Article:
"A masterful integration of archaeological and historical information."--George R. Milner, Pennsylvania State University
"A convincing account of where these people came from, and what happened to them in the shadowy years after their fateful encounter with De Soto’s Spanish army."--Vernon J. Knight, University of Alabama
Writing about a powerful Native American society at the dawn of European contact, Marvin Smith, in a colorfully illustrated book, traces the rise and collapse of the chiefdom of Coosa, located in the Ridge and Valley province of northwestern Georgia and adjacent states.
From humble beginnings, Coosa became one of the most important chiefdoms in the Southeast, dominating a territory from present eastern Tennessee to central Alabama. Following contact with three Spanish expeditions in the 16th century, Coosa began its rapid descent. Disease, population movements, political collapse, and changes in subsistence and technology enveloped the population in the ensuing years. By the beginning of the 18th century, the once powerful chiefdom had been reduced to a few towns in the Creek Confederacy.
Explaining for the first time this remarkable demise, Smith blends historical and archaeological evidence to tell the complex story. Written for a general interest audience, it also will be a valuable reference work for the study of the material culture of the contact period.
Marvin T. Smith is professor of anthropology at Valdosta State University in Georgia. He is the author of more than 70 scholarly publications, including The Archaeology of Aboriginal Culture Change in the Interior Southeast: Depopulation during the Early Historic Period (UPF, 1992). In 1992 he received the C. B. Moore Award for Excellence presented by the Lower Mississippi Survey at the annual meeting of the Southeastern Archaeological Conference.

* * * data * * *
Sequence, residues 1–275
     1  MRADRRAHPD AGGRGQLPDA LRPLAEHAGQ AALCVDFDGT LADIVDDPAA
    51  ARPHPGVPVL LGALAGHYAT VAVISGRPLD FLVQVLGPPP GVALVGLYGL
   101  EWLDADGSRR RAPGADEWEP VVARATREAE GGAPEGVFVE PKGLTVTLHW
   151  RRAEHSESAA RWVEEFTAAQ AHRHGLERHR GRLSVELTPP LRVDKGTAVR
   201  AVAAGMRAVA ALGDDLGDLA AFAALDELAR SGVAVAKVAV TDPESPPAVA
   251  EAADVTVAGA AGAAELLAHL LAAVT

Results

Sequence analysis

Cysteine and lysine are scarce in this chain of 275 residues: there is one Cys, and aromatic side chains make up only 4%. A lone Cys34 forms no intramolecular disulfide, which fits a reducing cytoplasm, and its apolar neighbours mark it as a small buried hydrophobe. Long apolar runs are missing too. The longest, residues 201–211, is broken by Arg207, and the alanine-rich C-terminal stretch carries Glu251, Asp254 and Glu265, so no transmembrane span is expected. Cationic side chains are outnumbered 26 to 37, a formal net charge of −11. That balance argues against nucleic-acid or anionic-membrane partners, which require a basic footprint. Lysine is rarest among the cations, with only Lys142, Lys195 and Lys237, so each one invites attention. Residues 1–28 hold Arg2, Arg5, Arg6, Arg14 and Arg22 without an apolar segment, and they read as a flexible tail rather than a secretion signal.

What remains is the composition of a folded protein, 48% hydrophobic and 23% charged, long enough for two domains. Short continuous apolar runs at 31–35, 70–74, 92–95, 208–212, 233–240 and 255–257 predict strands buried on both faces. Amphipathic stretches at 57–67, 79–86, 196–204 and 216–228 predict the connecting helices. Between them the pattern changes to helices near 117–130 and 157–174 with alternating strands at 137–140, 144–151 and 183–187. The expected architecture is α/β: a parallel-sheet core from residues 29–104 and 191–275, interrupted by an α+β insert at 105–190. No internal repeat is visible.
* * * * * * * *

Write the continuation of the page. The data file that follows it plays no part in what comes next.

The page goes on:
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"Marvin Smith… contributes a significant work to a vibrant field… provides a good overview of Coosa society and will be a valuable addition to courses primarily concerned with Native Americans and the Southeast." - H-Net
"noteworthy and will ultimately yield a clearer picture of life in the pre-Columbian southeast." - Florida Historical Quarterly
--Florida Historical Quarterly
"An exciting new book. A succinct, largely jargon- free account that introduces readers to early Creek history, archaeological methods, and the material and social world of the ancient Coosa people. This book will therefore appeal to undergraduates, lay readers, and Georgia history buffs of all kinds. Popular in its appeal, Smith's book also makes a significant contribution to the specialized fields of southeastern Indian archaeology and history. His meticulous archaeological reconstruction of Coosa's 'lost years' (1568- 1670) for which the documentary record is largely silent, remains an admirable achievement." - Georgia Historical Quarterly
--Georgia Historical Quarterly
"Provides a clear and concise historical account of the Coosa people. The importance of this book lies in its ability to merge archaeological, ethnographic, and historical evidence to construct a narrative that connects the unrecorded events of Pre-Columbian history in the Southeast with the more familiar story of native activities during the Colonial era. Provides a blueprint for other scholars to fill in the gaps of southeastern indigenous history during the sixteenth and seventeenth centuries and it gives the general public a readable and entertaining account of one group of Southeastern Native Americans." - University of Kansas, Indigenous Nations Studies
--Indigenous Nations Studies (University of Kansas)